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Network Testing and Emulation Solutions

Set up an SSH-tunnel on Windows, Linux, or Mac

Goal: Connect to a LANforge Linux system via a compressed tunnel connection

When connecting to your remote LANforge hardware (presumably accessible over a VPN) you will notice poor response time and lag in your LANforge GUI or your VNC connection. Many VPN connections are based on UDP protocols and packet loss might be affecting your connection quality. Below we explain how to set up SSH tunnels that increase the quality of your connection.
  1. Linux SSH tunnel Setup
    1. From the computer that you are trying to connect your SSH tunnel from, open the .bashrc file from '/home/user/'. The .bashrc file can be opened via gedit, vim, or nano. This .bashrc file is where the alias will be setup to properly invoke your ssh. screenshot
    2. Once the .bashrc file is open, type in your alias in any blank spot (that is not within another for-loop or definition). Flags used in the bash alias creation example below are as followed:
      1. -C = Requests compression of data. This is desirable for slower connections. Recommended.
      2. n = redirects stdin /dev/null. Required when SSH is running in the background.
      3. N = do not execute a remote command, useful for forwarding ports.
      4. v = Verbose mode. Causes SSH to print debugging messages about its progress.
      5. -L = bind_address:port:host:hostport format. Use this flag multiple times to forward multiple ports with one command.
      6. Please visit the SSH man page for further flags and switches:
    3. The generic setup of bash aliases for SSH are ssh -flags localport:ipaddress:remoteport. In the example included above we've included the following ports for the according reasons: screenshot
      1. 4001 -- perl scripts use this for ascii connection to LANforge server
      2. 4002 -- GUI uses this for binary connection to LANforge server
      3. 5901 -- VNC port for display :1
      4. 4131 -- local port for perl scripts to connect to .92.12
      5. 4132 -- local port for GUI to connect to .92.12
      6. 5903 -- local port for VNC to connect to .92.12
    4. Further example ssh aliases include: screenshot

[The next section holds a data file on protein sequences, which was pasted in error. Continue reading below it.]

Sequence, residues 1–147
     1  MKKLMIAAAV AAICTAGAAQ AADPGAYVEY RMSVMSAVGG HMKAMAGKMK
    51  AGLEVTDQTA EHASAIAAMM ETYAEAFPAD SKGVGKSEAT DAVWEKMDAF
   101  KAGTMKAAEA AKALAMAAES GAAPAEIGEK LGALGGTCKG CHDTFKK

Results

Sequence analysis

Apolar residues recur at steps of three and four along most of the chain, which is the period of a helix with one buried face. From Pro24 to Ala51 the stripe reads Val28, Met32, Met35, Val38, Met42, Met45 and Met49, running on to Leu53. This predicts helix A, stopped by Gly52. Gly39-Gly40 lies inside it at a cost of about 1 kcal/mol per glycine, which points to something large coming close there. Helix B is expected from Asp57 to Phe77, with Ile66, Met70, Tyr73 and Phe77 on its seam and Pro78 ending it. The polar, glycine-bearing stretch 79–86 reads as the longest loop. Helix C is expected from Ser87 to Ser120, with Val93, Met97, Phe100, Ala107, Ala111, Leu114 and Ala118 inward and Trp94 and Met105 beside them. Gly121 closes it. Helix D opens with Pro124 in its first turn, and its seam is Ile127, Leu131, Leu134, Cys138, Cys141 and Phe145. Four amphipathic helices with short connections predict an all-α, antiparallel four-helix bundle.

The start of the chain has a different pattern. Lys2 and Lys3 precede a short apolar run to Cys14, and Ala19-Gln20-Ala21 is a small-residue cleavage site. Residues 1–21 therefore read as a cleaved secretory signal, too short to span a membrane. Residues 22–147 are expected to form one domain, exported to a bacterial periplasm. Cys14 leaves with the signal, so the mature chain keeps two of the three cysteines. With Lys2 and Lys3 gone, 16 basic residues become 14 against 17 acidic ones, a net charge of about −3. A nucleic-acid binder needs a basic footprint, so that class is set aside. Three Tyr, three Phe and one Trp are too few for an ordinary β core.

1. alias FreyaTunnel="ssh -CnNv -L 5903: -L 4131: -L 4132: lanforge@"
      2. alias SaltTunnel="ssh -CnN -L 4001: salt@"
    5. After editing the .bashrc file, source the file in order for the changes to be applied. This will enable the code without the need to turn off and restart the device. screenshot
    6. In order for our machine to remember certain passwords and access configurations, some additional edits in the ~/.ssh/config file or $HOME/.ssh/config.
    7. Next, this ssh connection will require an ssh key. This means that one needs to be generated. The private key and public key of the key pair must be saved to the local computer while only the public key of the pair must be saved to the remote server.
    8. Add your SSH key to the device being forwarded. Finally, add your public key that you generated earlier via SSH. This can be done by typing in ssh-copy-id user@ipaddress (see below example). screenshot
    9. Once the alias is added to .bashrc file and the ssh key is added to the remote device, open any terminal and simply type in the alias name. This will initiate the tunnel. For example, "FreyaTunnel" in this example would be the alias typed into any terminal. This should incur an instance of your tunnel.
  2. Windows SSH tunnel Setup
    1. There are many ways to set up an SSH tunnel, however, this cookbook will utilize PuTTy. screenshot
    2. Once PuTTY is downloaded, configure the SSH connection before adding the tunnel.

      For more information see Connecting with PuTTy.

    3. Once your session is setup, select your session that was just saved from the last cookbook, then on the left-hand panel, select Connection -> SSH -> Tunnels. screenshot
    4. After setting up the tunnel, select SSH and enable compression. This will ensure that the tunnel uses data compression. screenshot
    5. Once all the settings desired are configured, select Session, highlight the session again in Saved Sessions and hit Save for the new session settings. This will make sure that the next time logged in will include all the settings here. screenshot
    6. Now, the session is saved and can be opened by clicking Open

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